NASA today released this new image from a star-birthing region of the universe.
This new Hubble photo is but a small portion of one of the largest seen star-birth regions in the galaxy, the Carina Nebula. Towers of cool hydrogen laced with dust rise from the wall of the nebula. Reminiscent of Hubble's classic image of the Eagle Nebula dubbed the 'Pillars of Creation' this image is even more striking in appearance. Captured here are the top of a three-light-year-tall pillar of gas and the dust that is being eaten away by the brilliant light from nearby bright stars. The pillar is also being pushed apart from within, as infant stars buried inside it fire off jets of gas that can be seen streaming from towering peaks like arrows sailing through the air.
Suddenly, it doesn't seem that significant whom the Vikings choose in the NFL draft. (Click for a larger image)
Very cool! I always make my rounds at NASA's picture of the day.
But is this the actual coloring of the new star or artistically enhanced?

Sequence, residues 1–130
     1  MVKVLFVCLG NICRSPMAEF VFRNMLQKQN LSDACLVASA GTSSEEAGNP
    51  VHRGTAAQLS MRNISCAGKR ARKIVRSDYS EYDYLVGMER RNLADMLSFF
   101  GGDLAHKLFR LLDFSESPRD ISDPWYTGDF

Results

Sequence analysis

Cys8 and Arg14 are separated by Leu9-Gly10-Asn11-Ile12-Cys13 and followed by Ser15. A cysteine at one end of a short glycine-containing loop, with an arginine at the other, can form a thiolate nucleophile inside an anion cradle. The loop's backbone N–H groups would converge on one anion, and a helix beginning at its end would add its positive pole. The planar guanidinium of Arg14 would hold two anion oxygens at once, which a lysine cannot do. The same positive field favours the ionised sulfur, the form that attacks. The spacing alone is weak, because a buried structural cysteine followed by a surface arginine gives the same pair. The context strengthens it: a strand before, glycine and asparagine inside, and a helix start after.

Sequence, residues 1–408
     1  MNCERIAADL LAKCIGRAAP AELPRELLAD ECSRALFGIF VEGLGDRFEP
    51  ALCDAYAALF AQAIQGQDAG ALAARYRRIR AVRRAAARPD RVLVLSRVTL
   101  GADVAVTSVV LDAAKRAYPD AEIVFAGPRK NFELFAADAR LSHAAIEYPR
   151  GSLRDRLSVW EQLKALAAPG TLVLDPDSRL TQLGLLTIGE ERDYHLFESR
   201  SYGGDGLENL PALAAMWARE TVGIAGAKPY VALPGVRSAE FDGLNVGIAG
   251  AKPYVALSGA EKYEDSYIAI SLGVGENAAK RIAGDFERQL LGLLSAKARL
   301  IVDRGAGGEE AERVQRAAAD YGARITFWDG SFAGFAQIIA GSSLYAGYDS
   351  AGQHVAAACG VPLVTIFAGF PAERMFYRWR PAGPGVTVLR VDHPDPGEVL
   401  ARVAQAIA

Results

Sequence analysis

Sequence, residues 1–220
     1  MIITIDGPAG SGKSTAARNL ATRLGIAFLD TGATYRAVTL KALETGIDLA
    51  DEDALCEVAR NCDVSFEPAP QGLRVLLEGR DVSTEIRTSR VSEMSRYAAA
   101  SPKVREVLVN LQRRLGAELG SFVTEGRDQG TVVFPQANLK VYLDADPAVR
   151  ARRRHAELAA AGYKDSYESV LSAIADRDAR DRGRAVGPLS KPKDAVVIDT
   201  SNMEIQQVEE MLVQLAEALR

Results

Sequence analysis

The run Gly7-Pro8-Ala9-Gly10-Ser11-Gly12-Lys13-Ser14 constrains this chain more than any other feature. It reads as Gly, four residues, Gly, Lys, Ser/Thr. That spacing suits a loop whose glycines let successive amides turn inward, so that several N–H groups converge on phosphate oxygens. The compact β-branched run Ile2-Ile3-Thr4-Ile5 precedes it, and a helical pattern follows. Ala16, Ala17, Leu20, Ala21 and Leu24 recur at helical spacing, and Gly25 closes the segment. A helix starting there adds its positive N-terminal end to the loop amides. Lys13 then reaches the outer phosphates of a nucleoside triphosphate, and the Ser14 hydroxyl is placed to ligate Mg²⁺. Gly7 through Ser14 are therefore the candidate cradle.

Good question. I've got a request into the Hubble folks for an answer.
The image is almost certainly a false-color image. It's not artistically enhanced, but light emitted at wavelengths that we can't perceive (ultraviolet and infrared, for example) is portrayed in a wavelength that we can perceive.
Many astronomical images are portrayed in false-color in order to allow us to see everything that's going on in a single image.
Thanks Joe! I thought it had something to do with either the type of energy being emitted or the type of gas within the star.
Specatcular sight even if false-color.
I stand corrected. This image is entirely in the visible light.
Bad Astronomer Phil Plait posted about this yesterday morning, and he included a comparison of the image between the visible light and in the infrared. It's pretty spectacular that this is a true-color image.
Plait's post: http://blogs.discovermagazine.com/badastronomy/2010/04/27/hubble-celebrates-20-years-in-space-with-a-jaw-dropper/